St. Thomas, ON Day Trip- Railways, beer and elephants oh my!
With another busy summer I have come to the realization that day trips are a great option to check off more breweries and sights. It’s often the planned highlight of the week and still leaves room in your weekend to get things done around the house or just plain relax. Also basing yourself in one city can be a much more relaxing way to explore with no rush to move on.
St. Thomas is another worthwhile city in southwestern Ontario to visit for craft breweries and some unique sightseeing. With two breweries currently in St. Thomas it’s ideal for a day trip and I chose to stay the night so that I could enjoy a little more beer and not rush home.
Nicknamed the Railway City this town is filled with just as many urban trails to hike along and has plenty of places to grab cool photos and things to eat as you explore.
My first stop, since I got into town before beer o’clock, was a giant 38 ton statue of Jumbo the elephant. It stands majestically tall as you enter St. Thomas not far from the highway and despite the tragic story of his death here in town this cool attraction was built in 1985 on the 100th anniversary of Jumbo’s death as a tribute and is equally cool to see in the day as it is in the evening all lit up with coloured lights.
As I read a little more about the history from the nearby sign and snapped some photos my pretend watch struck 11am and I headed in the direction of the latest addition to St. Thomas’ craft beer scene, Caps Off Brewing Co.
Owned by Fran & Rick this intimate space is full of flavor and personality and are already upgrading their brew system to accommodate all the beer going out the doors and into the bellies of locals and travellers.
I drank the Pale Ale, IPA & Stout and they all leaned toward English style versions were quite enjoyable. What do I mean by that you may ask? Well to me it means more balance and interplay between malt and hop bitterness and a tad more malt profile and sweetness than American versions of these styles of beers. English pale ales display earthy, herbal English-variety hop character as well which is has less bitterness and citrus character to it.
This husband and wife team has created a friendly environment that seems to be attracting a great crowd already that you’d never guess they just opened their doors a few months ago. Caps Off also has a patio, snacks and a tasty charcuterie board available to enjoy. Currently you can purchase growlers of select brews to take home and once they get brewing on their larger system more varieties of beer to go will be available.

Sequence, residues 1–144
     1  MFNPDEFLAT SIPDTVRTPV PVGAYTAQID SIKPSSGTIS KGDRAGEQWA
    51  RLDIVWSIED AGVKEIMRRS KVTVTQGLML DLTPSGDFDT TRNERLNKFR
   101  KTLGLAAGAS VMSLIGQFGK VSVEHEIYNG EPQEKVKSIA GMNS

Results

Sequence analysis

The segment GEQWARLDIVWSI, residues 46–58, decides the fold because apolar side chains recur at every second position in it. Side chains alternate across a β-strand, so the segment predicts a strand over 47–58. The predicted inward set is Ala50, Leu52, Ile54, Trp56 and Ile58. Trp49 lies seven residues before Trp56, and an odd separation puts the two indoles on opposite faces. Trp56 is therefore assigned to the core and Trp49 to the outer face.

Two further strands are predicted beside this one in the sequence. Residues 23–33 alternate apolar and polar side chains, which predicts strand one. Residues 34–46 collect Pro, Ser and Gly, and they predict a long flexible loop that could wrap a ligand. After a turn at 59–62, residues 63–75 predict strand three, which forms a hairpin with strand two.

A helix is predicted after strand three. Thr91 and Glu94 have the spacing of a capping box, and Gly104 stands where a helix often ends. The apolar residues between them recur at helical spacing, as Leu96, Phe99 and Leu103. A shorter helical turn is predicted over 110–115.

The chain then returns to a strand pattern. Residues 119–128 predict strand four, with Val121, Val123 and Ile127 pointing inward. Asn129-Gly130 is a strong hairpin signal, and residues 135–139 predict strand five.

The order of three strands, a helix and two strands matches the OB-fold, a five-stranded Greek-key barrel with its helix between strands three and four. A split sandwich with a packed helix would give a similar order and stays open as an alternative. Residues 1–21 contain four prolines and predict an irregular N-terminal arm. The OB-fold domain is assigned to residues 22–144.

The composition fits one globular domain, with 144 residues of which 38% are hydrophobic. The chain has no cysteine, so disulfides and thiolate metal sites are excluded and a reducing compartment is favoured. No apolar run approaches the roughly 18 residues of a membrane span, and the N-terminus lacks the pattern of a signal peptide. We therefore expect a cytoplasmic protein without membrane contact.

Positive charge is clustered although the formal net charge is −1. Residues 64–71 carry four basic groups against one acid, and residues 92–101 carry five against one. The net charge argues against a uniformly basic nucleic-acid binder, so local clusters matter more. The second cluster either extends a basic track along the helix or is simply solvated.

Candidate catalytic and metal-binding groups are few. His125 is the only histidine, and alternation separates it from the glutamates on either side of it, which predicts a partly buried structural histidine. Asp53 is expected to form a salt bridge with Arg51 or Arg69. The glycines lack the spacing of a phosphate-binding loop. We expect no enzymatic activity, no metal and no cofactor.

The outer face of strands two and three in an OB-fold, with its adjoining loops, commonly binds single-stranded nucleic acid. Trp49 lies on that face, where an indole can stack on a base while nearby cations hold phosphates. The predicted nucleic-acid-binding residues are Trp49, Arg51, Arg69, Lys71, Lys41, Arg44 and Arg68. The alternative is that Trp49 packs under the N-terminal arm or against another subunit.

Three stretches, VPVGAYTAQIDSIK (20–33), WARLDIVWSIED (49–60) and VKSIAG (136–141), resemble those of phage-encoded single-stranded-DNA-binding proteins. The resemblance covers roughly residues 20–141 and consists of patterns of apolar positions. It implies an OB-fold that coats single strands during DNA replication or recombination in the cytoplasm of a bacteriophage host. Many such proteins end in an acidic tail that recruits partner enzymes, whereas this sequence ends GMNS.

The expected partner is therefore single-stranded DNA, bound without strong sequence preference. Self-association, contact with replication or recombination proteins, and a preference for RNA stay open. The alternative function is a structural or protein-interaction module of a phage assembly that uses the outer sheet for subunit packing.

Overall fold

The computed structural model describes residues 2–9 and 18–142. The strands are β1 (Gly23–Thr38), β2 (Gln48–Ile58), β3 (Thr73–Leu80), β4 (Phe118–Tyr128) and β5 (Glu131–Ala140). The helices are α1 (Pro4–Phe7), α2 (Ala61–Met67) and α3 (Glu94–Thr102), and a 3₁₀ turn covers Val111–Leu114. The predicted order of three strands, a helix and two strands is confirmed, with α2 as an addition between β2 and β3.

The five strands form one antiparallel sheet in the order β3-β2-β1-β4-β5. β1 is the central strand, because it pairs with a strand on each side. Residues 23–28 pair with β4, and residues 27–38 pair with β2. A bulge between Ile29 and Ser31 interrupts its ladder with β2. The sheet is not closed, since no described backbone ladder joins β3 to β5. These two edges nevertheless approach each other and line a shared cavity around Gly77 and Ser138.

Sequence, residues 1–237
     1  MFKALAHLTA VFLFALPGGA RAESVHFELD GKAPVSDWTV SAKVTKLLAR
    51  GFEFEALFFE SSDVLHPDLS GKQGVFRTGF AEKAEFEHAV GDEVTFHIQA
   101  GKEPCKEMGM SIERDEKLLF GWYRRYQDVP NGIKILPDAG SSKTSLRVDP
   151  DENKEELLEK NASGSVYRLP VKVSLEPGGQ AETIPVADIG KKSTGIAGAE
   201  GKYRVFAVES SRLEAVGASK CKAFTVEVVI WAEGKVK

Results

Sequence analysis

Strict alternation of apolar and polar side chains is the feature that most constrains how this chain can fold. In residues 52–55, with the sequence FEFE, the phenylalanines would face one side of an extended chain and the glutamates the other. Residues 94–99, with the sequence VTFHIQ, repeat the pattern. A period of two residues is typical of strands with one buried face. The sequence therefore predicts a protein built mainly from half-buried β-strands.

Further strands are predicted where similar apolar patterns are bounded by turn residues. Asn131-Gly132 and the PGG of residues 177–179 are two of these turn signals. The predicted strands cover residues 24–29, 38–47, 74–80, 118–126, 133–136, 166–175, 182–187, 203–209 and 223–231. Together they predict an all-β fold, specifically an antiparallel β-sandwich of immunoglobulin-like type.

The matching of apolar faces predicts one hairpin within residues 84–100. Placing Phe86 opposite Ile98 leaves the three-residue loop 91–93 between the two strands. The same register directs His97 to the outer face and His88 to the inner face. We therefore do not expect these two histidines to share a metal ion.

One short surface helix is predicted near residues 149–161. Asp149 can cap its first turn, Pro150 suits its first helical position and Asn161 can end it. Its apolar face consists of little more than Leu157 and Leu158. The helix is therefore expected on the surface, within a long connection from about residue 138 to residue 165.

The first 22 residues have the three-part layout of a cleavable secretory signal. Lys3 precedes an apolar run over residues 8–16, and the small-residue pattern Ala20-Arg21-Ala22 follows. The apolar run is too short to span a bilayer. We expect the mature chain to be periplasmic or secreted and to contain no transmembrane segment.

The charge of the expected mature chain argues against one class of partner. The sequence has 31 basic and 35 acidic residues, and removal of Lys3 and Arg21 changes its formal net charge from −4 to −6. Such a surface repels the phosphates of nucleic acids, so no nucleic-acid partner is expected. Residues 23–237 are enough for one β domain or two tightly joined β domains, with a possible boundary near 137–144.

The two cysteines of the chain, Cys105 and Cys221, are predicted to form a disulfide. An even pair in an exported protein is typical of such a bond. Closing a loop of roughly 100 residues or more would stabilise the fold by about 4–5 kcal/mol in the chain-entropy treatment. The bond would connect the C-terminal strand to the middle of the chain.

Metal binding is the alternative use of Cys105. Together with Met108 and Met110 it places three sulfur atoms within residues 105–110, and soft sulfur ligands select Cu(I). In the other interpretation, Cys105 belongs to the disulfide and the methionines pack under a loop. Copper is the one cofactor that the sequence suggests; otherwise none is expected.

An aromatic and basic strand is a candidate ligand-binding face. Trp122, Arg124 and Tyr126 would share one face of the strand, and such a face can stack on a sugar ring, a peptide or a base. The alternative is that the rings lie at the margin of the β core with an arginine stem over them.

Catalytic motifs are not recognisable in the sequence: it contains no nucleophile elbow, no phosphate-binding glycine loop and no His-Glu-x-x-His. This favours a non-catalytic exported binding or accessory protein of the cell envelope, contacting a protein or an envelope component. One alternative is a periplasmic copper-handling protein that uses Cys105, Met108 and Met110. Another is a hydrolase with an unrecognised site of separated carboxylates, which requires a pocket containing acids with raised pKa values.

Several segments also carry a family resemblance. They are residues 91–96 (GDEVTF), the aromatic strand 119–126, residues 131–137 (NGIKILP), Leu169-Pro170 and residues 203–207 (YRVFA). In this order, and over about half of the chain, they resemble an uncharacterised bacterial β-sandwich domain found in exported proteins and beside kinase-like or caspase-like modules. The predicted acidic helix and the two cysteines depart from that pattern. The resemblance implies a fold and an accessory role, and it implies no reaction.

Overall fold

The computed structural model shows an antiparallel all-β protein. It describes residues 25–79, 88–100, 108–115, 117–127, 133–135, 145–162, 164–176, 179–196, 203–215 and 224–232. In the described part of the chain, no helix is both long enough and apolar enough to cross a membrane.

From here I decided to walk off some of the beer and snacks and check out some of the photo friendly places about town.
The Boxcar Murals, located outside the Elgin County Railway Museum (225 Wellington Street, St. Thomas) provides an opportunity for local artists to create works of art on train boxcars within the city. I have always been a fan of public art / well done graffiti and believe it has the power to create discussion, provides mystery and intrigue, brings a sense of community or simply add a splash of colour and beauty to a part of town. Oh and it consistently aids in creating great photos for the ‘gram!
After channeling my inner artist and singing the line “Outside there's a box car waiting” from The Pixies over and over I grabbed my map that I picked up at the visitor center downtown, 605 Talbot St, and cruised over to checked out Canada’s only elevated park that had peaked my interest.
An iconic railway structure in St. Thomas from 1930 has been converted into Canada's first Elevated Park. Spanning 850ft in length and 30ft wide it is a walk-able trail decorated with flower beds, trees, benches and public art and in addition to being a unique public space the city is hoping it will also become a tourism attraction to continue to bring more people to town to visit. Sounds pretty cool eh? Well I was sad to see it was closed for continued improvements until the end of August but I stuck my face up to the fence and gazed upon what indeed looks like a cool space and unique way to cross the valley. If you are interested in donating or supporting the park in any way you can go here
With more than 26 railways spanning the city it is no wonder I crossed about 12 by the time I got to Railway City Brewing. First opened in 2008, in the building where Caps Off is now located, Railway relocated in 2013 to their spacious 14,000sp ft brew house and tap room on Edward st. Most known for their Dead Elephant Ale, yet another tribute to Jumbo the Elephant, they continue to create a variety of styles to please all beer lovers. Dead Elephant is a full-bodied pale ale that pours golden with a fluffy white head that leaves a beautiful lacing on the glass with each sip. The flavour is sweet and fruity malts up front with balanced amount of grapefruit and perfume undertones. Aroma is mild malt and floral from the hops.
I also tried Boxcar Graffiti a tropical lager with subtle notes of pineapple, other tropical fruit and a tad of lemon. It was subtle but very refreshing on a yet another hot summers day.
Railway also had a new release that was by far the most interesting beer I had tasted on the trip. Train Reaction is a sea salt and lime cerveza (lager) though it sounds simple it had a very well done citrus punch to it with a perfect pairing of salt. If you had handed it to me in a blind tasting I have no idea what I would have guessed it to be besides refreshing, unique and drinkable.